If Boston Manager Terry Francona was trying to slow down the Rays offense last night, he used the perfect weapon to get the Rays to take some time to adjust and then begin to again get hits off his starting pitching. Tim Wakefield, with his flutterball, effectively shut down the Rays offense for bits and pieces of this game without letting them string together any scoring opportunities like they had the previous two games.  Tampa Bay was able to pop a run across the plate after Evan Longoria hit a ball to the opposite field in right that fell only two feet from becoming his next home run. the ball hit on the green top to the outfield wall and bounced back into the playing area for a double.

Carlos Pena then hit a RBI single to right-center field that scored Longoria, and it almost looked like Francona’s idea was about to back-fire on him. But the Rays bats went silent after that moment and between the rest of the first inning until the fourth, the Rays only came away with a Carl Crawford single to right. Crawford then moved up on a stolen base to put himself into scoring position.  Leading off the top of the fourth inning, Pena got a hold of one of Wakefield’s mistakes and deposited it just inside the right field foul pole for his 11th home run. But that was the last hint of offense the Rays would have in the fourth inning.

In the fifth inning, when Wakefield had gone through the order a few times, the rays began to make some moves towards evening the score. After Gabe Kapler struck out,  Navarro got hit by a pitch after going 3-2 against Wakefield.  B J Upton then got three straight balls and finally gained a walk  to put two men on with one out in the inning.  Then Boston catcher George Kottaras had his first passed ball of the night to put both men in scoring position. Longoria then hit a liner down the left field line into the corner and both Navarro and Upton came in to score for the Rays.  Pena then got on base after four straight balls and put two men on base again for the Rays with two outs in the inning.  Pat Burrell then hit a double to left that scored Longoria and moved Pena to third base.  Ben Zobrist then struck out to end the inning with the Rays trailing by one, 6-5.

That would be the end of the Rays offensive strikes until the bottom of the ninth inning with the team behind 10-5 at the moment. Hedecki Okajima had relieved Wakefield after five innings and 101 pitches on the night. He immediately gave up two hits to Akinora Iwamura and Kapler. After Navarro hit a sacrifice bunt to move both men into scoring position, they got stranded there after the Rays made
two quick outs to get Okajima out of the inning. But the Rays did get more chances in the seventh inning when Pena walked and  Zorbrist got an infield single to put Pena into scoring position.  Pena went to third base on a throwing error by Nick Green, but got stranded after Iwamura struck out swinging to end the inning.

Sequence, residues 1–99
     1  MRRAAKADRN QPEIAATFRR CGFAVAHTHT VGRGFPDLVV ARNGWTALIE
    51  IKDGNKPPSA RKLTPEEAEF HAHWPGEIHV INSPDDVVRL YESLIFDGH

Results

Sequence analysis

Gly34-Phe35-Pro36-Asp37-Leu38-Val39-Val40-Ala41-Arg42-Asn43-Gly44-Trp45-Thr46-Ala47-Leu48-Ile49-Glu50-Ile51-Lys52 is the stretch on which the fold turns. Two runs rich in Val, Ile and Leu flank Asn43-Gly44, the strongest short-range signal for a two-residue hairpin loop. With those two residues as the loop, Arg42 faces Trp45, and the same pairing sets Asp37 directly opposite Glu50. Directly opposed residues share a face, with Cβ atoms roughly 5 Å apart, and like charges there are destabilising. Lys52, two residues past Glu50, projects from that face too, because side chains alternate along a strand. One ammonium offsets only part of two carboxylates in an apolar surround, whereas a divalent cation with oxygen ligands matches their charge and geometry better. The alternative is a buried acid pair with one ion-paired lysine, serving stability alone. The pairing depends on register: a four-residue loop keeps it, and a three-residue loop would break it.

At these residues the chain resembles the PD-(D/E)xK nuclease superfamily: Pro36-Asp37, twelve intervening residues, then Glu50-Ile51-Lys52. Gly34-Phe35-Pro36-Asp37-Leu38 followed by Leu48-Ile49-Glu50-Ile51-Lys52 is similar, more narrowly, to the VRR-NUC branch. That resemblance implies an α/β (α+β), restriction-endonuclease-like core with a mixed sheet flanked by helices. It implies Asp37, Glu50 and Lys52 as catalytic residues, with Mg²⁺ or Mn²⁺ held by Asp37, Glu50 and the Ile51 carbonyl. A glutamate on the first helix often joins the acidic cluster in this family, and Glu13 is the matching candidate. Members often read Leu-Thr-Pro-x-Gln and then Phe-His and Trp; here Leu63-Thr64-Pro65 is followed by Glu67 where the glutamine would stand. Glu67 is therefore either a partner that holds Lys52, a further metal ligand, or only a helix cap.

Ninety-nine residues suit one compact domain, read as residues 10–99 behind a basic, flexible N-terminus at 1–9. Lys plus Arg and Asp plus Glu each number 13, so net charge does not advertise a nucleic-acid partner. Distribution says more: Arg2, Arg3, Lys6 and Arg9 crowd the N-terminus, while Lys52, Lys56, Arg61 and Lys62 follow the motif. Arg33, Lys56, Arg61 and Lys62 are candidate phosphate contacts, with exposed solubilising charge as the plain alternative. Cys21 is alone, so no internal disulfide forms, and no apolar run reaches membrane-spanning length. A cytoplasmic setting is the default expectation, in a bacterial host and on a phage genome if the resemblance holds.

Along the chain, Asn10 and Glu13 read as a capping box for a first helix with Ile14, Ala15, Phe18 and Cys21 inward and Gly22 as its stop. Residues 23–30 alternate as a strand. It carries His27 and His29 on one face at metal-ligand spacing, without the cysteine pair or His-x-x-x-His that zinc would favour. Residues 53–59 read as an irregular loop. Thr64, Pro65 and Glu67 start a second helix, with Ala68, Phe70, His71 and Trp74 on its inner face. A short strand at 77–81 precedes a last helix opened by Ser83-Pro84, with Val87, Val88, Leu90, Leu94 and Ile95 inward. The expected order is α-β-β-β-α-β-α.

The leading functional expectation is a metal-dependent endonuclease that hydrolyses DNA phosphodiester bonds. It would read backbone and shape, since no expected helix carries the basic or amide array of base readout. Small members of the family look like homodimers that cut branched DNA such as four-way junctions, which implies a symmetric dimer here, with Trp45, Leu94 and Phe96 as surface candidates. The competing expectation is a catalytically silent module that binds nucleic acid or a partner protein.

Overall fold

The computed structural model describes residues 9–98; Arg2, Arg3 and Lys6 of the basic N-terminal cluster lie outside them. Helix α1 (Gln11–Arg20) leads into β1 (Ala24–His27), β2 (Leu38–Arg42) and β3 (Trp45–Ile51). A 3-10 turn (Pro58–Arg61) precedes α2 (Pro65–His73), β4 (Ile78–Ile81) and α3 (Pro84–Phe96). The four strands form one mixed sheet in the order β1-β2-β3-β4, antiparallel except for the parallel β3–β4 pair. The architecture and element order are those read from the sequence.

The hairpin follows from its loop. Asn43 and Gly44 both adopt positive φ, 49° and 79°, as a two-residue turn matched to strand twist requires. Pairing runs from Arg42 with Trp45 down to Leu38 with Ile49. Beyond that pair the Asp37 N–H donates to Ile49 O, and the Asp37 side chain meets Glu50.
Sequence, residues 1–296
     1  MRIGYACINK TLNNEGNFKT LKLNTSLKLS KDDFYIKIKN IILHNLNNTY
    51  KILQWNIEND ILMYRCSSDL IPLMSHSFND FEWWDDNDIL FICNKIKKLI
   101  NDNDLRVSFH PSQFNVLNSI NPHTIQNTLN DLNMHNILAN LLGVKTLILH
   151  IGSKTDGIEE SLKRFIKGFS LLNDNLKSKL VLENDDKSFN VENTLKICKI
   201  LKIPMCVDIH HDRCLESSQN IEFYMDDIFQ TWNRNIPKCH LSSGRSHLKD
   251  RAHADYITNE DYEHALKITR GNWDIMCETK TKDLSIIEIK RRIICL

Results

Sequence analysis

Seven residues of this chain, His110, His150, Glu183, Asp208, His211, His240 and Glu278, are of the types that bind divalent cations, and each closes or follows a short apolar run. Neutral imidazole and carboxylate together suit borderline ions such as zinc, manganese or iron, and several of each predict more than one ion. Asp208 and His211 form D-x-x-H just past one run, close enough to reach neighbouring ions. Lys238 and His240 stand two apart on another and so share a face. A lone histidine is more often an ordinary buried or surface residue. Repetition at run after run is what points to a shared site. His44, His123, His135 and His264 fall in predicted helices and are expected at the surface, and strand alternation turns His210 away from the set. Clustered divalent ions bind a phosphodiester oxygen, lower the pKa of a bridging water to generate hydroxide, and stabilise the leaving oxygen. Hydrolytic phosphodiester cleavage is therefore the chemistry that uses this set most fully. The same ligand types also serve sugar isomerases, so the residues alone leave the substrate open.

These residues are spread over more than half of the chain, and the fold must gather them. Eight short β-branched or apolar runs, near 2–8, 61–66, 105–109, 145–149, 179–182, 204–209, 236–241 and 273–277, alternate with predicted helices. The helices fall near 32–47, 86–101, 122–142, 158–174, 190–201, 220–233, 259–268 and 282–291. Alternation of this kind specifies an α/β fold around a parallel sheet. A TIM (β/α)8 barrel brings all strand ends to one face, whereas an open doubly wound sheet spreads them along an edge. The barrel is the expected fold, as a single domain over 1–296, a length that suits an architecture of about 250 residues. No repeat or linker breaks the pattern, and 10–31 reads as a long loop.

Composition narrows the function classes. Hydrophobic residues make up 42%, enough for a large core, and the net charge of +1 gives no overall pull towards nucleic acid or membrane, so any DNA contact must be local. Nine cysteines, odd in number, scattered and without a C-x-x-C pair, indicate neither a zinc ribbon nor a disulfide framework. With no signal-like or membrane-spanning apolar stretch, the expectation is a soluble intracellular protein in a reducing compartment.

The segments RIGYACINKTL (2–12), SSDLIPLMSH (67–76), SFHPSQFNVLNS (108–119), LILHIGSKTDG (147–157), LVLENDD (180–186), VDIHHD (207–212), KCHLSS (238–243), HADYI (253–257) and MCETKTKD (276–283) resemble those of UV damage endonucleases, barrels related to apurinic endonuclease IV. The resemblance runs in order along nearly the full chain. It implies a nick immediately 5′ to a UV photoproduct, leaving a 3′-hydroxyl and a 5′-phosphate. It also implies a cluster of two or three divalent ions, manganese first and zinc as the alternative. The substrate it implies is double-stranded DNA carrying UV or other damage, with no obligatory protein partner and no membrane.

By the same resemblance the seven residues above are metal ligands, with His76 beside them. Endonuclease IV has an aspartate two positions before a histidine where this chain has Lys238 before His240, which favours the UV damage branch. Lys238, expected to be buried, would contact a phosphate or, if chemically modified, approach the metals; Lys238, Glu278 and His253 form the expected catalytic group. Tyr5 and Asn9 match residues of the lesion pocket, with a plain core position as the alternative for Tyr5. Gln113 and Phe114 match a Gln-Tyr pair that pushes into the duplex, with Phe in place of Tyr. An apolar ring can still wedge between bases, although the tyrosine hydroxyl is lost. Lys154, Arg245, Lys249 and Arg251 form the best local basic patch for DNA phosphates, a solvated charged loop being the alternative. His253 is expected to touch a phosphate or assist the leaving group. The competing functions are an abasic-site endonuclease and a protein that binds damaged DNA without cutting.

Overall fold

]In the bottom of the ninth inning, Takahashi Saito came in for the Red Sox to close out the game. After a 12 pitch at bat, Crawford singled into  center to lead-off the final inning. After Longoria struck out, Crawford moved over to second base on defensive indifference and then took third base on Pena’s grounder up the first base line. On the third pitch, Burrell hit a RBI single to right-center to score Crawford and make the score 10-6. But then Zobrist struck out swinging to end the Rays rally and give the Red Sox their first win of the home series. In tonight’s game, Wakefield got the victory, which was also his 20th win in his career against the Rays. He is the all-time opponent record holder, with Mike Mussina formerly of the Yankees in second with 15 victories.

       
       
Steve Nesius / AP

Red Sox Bats were wild tonight

Rays starter Jeff Niemann came into the game  after several impressive outing since his first start debacle in Baltimore. There was hope that he could hold the Red Sox hitters at bay enough to let the team get a few early runs and set the tone tonight. But from the first batter on tonight, it did not seem to be Niemann’s night. The  tall rightie gave up an early walk to Dustin Pedroia, and then Hit Kevin Youkilis with the first pitch of the at bat. That gave the Red Sox two early base runners in the inning.  J D Drew then hit a strong double to right to score both Pedroia and Youkilis and stake the Red Sox to a 2-0 lead.

Mike Lowell lead-off the second inning with a single to center, and Kottaras then hit an RBI double to  Nick Green then hit an infield single to Iwamura that plated both Lowell and Kottaras and give the Red Sox a 4-1 lead.  Jacoby Ellsbury then hit a ball to Iwamura that he tried to get the speedy runner, but threw the ball past Pena for an error. Pedroia then hit an RBI single to right that scored Ellsbury, and moved to second on Kapler’s bad throw.  That put the Red Sox up 5-1 at the time. Then in the third inning, Jason Bay got an infield single to Jason Bartlett that was deep in the shortstop hole and he could not get Bay in time for the out.  Bay then stole second base, and moved over on Niemann’s wild pitch to put himself in scoring position at third base. Green then hit an RBI single to center to plate Bay and increase the Red Sox lead to 6-1.